In the wake of the alarm caused by the Meltdown and Spectre cases, the news of thirteen vulnerabilities affecting AMD’s chip architecture has triggered a new wave of uncertainty about the security risks to which millions of devices were exposed. It took a week before AMD acknowledged that the vulnerabilities revealed in a CTS-Labs report were true. After evaluating all the information documented by this company, AMD finally confirmed the existence of these vulnerabilities, assuring however that the risk was minimal.
What’s the story with AMD chips?
There are two aspects to the security flaws revealed by CTS-Labs. The first affects the AMD Secure Processor in Ryzen and EPYC chips. This is precisely the component responsible for processor security, where devices store passwords and encryption keys. On the other hand, other vulnerabilities, grouped under the name ‘Chimera’, affect the chipset that usually accompanies Ryzen systems.
What all 13 vulnerabilities have in common is that they enable a backdoor to be exploited in order to inject malicious code and launch a range of attacks. In this way, an attacker could take control of a system to steal network user credentials and move through corporate networks. It also means that someone could read and write in secure memory areas, bypass BIOS protection, or attack the operating system of a device. In short, these vulnerabilities in AMD’s products could have serious consequences for all types of organizations, as they could leave them vulnerable to attackers who could use these backdoors to gain access to sensitive information.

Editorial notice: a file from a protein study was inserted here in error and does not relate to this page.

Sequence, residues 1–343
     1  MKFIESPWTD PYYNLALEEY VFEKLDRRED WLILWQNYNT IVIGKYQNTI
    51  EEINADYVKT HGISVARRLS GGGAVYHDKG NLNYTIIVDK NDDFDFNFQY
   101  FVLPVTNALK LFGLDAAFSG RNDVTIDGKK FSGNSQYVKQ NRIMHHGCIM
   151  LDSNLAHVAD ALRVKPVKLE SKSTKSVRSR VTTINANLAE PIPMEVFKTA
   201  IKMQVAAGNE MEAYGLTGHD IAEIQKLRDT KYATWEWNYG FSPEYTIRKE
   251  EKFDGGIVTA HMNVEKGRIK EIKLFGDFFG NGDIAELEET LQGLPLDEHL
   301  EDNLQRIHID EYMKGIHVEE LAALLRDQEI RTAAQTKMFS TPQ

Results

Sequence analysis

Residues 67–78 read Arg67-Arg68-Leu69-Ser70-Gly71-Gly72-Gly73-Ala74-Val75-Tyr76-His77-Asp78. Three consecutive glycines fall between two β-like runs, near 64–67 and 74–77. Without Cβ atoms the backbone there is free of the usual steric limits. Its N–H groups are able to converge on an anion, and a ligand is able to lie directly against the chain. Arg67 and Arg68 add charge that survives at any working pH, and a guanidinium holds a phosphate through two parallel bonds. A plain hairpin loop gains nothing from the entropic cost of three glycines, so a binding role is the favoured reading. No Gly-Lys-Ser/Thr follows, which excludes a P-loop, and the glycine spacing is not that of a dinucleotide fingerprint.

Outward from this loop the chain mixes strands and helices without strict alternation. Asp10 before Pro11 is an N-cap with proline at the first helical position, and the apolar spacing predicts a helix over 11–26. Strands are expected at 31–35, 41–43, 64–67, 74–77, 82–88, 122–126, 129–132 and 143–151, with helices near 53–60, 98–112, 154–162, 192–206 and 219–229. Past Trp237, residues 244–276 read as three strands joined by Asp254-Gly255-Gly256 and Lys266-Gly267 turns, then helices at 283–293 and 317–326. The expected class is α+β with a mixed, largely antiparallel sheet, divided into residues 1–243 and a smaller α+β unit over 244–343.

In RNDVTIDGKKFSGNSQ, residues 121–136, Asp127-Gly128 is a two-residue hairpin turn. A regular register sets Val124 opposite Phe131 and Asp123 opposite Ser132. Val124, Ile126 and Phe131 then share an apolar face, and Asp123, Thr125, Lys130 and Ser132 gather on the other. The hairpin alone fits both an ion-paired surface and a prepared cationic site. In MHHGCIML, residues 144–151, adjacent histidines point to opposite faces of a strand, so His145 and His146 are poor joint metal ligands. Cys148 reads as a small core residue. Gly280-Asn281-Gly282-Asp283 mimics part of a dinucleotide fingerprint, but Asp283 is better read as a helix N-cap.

This latest news comes just weeks after AMD was embroiled in the case of Meltdown and Specter, although the main company affected was Intel. Even though the source of the vulnerabilities is not the same, as with Meltdown and Specter, these flaws could allow cybercriminals to access critical information on system memory and launch a range of attacks.
How to resolve the problem
After acknowledging the existence of these vulnerabilities, AMD has now presented a plan to address them. In the coming weeks, they are set to publish firmware updates that will be installed through BIOS updates. Moreover, the company has announced that, unlike what happened with the solutions for Meltdown and Specter, these updates will not impact on the performance of the affected systems, nor on the servers or the computers based on those CPUs.
At the same time, AMD has played down the issue, explaining that the risk was minimal, as to exploit these vulnerabilities, an attacker would first need to have administrator access to the system. As Mark Papermaster, AMD’s CTO, points out, attackers with this kind of access would have numerous attack mechanisms at their disposal to delete, create or modify any file on the system, without the need to exploit these vulnerabilities.
This attack confirms two things. On the one hand, the need for advanced cybersecurity systems that can detect any anomalous behavior that could potentially enable the theft of administrator login credentials on corporate systems. And, on the other hand, they are a reminder of the importance of regularly updating corporate systems to mitigate the risk of attacks that jeopardize critical data.